I use a RCM with the 3 step AIVS that Viper_z uses, then zap the record near the edges in three spots, then once in the middle with a Zerostat 3. Gotta have a Zerostat! Most recordings still have a very slight surface noise, but is very, very negligible. I bought a used lp for a buck, did the 3step cleaning, zapped it 4 times, and put the stylus in the lead-in groove. It was dead silent, and I thought I had left the mute switch on. When I saw the mute was off, I turned the volume up more, thinking it was all of the way down, then the music began and startled the crap out of me! Yes, some lp's can be as quiet as a cd, but I find most have a very, very slight surface noise that is only to be eliminated when the music begins. I can live with that. I listen to about 60 percent cd's, 40 percent lp's.
I hardly ever clean my records...yes I do take the dust off of them before playing with a microfiber cloth with a touch of distilled water. I had a Rega and right there in the owners' manual it said to listen and not worry about the record's cleanliness. I have a Nitty Gritty, and a steamer, but aside from initially cleaning the record from a garage sale, I am not that fastidious ...and yet, my vinyl playback is quiet.
Stringreen, that's my experience too.
When I get a noisy record from a bargain bin, I set it aside for steam cleaning. Otherwise, for the already clean ones, I use the microfiber cloth to dust it. If it's a little grungier, I spray the cloth lightly with record cleaner. If it's grungier still, I spray the record instead, and do a wet wipe followed by a drying wipe with the microfiber. Pretty soon the records are quiet from play to play. And if they aren't, I steam 'em.
Ever since I incorporated the microfiber cloths into my record playing routine, my dirt/dust/surface issues have largely disappeared.
Clean records and correct tonearm/cartridge alignment are the keys.
Unless the vinyl has been damaged by improper alignment (irreversible), most records can be cleaned to at least tolerable noise levels.
I own 50 year old records that are dead black quiet and others that, despite purchased new and cleaned immediately, display some background noise. The quality of vinyl, pressing operation, etc. are beyond your control.
I would seek out well kept original copies in lieu of new and reissued records. Much of the new stuff is junk and almost all of it is overpriced.
Radioheadoplayer: As many posts have already pointed out some noise is inherient with record playing. I have found, a significant amount can be eliminated by careful cleaning.
A record cleaning machine(RCM) can do much to lessen noise especially in combination with Steam Cleaning : Read the Steam Cleaning Thread for details and free suggestions.
Radio, dispite all cleaning efforts some recordings are noisey due to manufacturing defects and prior owner abuse. If that's the case get another copy. I suspect that extensive cd playback has made you extra-aware of noise.That's ok because Steam Cleaning has the ability to silence many a groove noise. If all of his sounds like work-It is but look at the audio discoveries to be found. All the best.
So far all the Radiohead LPs I've gotten have been quiet.
In the CD world, those with analog master tapes are frequently reissues of older LPs. Older master tapes have degraded with time; its not that the original LPs covered up the hiss, the hiss was often simply not there. If you get a chance to play with a 1/2" format stereo tape machines you find out what I really mean.
A lot of transistor tape machines will make a sort of 'modulation noise' that is absent on the tube tape machines, and it is transistor recorders that often are used to master CD reissues. So CDs will often have tape hiss that the original LP issues will not, though no fault of either media- its more of a mastering problem.
There are many reasons reasons Lps fail most having to do with the creation of the LP recording, far fewer after that. Too many newbeyee's are unware of the manufacturing thresholds that must be crossed before a "pure" recording is possible. It takes years with a mentor and with to understand the thresholds to overcome. All the best.
A far better explanation would have been to focus on manufacturing defects. "Fail" was a short-cut term to denote a negative experience that that i used to "cross-bridge", as a reference for persons that have little or no experience with needle-discs ,but have some connection to CD's,tape ,or I Pods where fail is sometime outlined in trouble shooting-type texts.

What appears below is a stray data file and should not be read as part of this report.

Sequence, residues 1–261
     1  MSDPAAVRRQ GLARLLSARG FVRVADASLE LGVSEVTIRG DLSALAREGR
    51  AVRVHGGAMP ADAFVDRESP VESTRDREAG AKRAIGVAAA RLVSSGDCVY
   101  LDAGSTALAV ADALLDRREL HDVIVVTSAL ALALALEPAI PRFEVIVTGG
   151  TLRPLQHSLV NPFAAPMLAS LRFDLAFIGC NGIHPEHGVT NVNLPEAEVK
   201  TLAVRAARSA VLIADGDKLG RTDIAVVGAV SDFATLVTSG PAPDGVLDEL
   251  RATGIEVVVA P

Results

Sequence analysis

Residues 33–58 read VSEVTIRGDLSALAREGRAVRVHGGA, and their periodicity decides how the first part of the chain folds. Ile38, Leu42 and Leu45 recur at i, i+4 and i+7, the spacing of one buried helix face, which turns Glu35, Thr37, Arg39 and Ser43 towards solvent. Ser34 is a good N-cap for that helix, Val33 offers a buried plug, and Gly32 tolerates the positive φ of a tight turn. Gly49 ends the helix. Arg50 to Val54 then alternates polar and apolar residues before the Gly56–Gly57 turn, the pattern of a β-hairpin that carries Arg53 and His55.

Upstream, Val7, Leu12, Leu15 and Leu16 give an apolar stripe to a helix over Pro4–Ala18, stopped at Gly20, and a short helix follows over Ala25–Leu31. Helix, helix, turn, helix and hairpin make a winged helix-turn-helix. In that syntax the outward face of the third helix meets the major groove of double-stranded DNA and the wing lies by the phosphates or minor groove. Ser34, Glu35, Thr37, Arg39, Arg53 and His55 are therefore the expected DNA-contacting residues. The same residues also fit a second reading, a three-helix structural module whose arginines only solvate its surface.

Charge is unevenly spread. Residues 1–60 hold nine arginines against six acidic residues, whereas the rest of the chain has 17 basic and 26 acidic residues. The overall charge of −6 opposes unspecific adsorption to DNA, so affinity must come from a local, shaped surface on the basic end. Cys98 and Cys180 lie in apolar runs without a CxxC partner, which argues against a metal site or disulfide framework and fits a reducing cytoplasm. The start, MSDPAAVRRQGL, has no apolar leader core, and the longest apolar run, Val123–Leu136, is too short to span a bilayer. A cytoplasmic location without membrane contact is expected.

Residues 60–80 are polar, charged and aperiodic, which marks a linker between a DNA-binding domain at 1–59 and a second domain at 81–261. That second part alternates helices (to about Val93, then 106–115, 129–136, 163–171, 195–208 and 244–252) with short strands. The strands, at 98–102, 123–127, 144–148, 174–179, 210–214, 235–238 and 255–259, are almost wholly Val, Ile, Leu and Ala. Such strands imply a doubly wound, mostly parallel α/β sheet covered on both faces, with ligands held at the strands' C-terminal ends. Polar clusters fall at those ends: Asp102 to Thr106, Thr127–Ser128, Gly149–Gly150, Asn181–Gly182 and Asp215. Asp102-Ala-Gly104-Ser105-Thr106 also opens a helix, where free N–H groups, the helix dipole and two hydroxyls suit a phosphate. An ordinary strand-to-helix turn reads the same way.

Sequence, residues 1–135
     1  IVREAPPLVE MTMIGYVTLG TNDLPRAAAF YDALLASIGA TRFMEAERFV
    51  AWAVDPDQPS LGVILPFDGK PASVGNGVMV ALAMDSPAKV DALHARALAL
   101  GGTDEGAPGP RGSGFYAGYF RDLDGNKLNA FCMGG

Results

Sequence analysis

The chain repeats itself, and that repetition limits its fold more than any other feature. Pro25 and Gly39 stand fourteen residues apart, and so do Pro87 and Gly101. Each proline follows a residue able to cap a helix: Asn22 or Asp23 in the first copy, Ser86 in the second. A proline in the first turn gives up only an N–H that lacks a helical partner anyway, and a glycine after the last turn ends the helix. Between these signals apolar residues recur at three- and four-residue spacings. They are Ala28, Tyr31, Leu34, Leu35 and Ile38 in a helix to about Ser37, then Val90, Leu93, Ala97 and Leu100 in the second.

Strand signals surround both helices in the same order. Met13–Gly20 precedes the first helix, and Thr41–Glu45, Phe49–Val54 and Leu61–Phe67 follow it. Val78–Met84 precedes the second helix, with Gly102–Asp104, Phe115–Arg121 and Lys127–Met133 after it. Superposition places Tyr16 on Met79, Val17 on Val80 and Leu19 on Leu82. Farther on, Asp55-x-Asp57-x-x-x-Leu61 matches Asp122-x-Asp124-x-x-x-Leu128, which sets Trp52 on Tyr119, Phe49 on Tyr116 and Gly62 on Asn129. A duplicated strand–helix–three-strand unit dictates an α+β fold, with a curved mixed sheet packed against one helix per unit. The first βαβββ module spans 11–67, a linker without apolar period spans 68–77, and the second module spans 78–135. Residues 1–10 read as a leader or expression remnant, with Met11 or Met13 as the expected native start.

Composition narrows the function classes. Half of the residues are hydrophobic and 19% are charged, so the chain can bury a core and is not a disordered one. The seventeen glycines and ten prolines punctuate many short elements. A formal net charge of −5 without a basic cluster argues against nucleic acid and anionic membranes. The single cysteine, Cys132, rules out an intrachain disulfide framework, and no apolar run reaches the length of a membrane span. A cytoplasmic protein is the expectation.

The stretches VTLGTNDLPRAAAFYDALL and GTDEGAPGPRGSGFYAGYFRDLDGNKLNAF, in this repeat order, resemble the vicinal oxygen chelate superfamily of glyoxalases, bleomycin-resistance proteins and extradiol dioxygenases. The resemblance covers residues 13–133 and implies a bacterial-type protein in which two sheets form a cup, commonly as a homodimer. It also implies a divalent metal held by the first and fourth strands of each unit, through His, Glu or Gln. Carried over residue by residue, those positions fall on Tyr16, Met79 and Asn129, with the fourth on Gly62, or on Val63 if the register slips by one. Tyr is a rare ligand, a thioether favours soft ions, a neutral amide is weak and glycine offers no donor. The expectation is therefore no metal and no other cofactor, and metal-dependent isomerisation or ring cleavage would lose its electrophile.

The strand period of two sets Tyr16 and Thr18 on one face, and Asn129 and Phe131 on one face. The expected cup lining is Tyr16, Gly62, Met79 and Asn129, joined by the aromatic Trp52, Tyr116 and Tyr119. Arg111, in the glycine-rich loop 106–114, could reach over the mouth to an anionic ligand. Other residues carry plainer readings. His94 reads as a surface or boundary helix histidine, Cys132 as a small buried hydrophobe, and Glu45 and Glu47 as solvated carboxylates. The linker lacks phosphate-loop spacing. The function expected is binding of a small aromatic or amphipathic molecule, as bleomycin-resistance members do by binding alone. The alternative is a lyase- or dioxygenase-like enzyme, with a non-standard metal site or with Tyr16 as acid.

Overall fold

My mistake to the keen eye but I think we both can agree that LP ownership does require a learning curve that is quite different than what the young adults experience with other media. All the best.
The longevity of LPs is something I can't argue about. The very first LP I acquired, used, about 1954, the musical "Wonderful Town", I can still play today. In that time interval Mag Tape, which until CDs was the only alternative, has gone through several format changes rendering earlier formats unplayable.
I can't tell you how many "new" pressings I bought were very noisy. I thought I was getting all the crap and everyone else was getting the good stuff. Many times it's the pressing. Trying to lessen the effects is the trick. So many things control surface noise intensity. The preamp, the phonostage w/in the preamp. Certainly all the things others have mentioned.
I use a tube phono with my SS gear. Depending upon the tubes used I can make srfce noise better or worse. anything that accents the HF will generaly increase SN. Room acoustics is a BIG one as well.
Compared to others systems I have heard my SN was always exagerated. Now most of my SN issues are from the loud noises eminating from the LP sometimes singly or many in short time frame. I can't say that I get a continuous groove noise such as maybe you are describing. That would be red flag as a arm/cart/TT set up in my book. You may want to look at the cart loading as well.
Presuming that all equipment matching and tone-arm set-up issues have been resolved And you continue to have LP noise, what's the next step? Record cleaning. Specifically, steam cleaning has demostrated it is the single most cost-effective method to remove pressing compounds and other "stuff" from LPs. The deep steam cleaning post is long but well worth a read.
Couldn't agree more!! I just got into vinyl 3 months ago and 99% of my vinyls are new pressings priced between $30 to $50 a piece. And I spent 15 mins cleaning each side of the new LP with Audio Intelligent 3 step solutions. I found that most LPs from Speaker Corners are pure crap - one out of every two that I bought was noisy. I have a bunch of Classic Records release which was pretty bad too.
The labels that consistently deliver the quietest background noise is MusicMatter 45rpm reissues. I have some very nice LPs from Pure Audiophile records too. The Analogue Production 45rpm reissues ($50) have been huge disappointments - loud surface noise, scuff marks all over LPs.
I will stop buying any records from Speaker Corners and Classic Records from now onwards.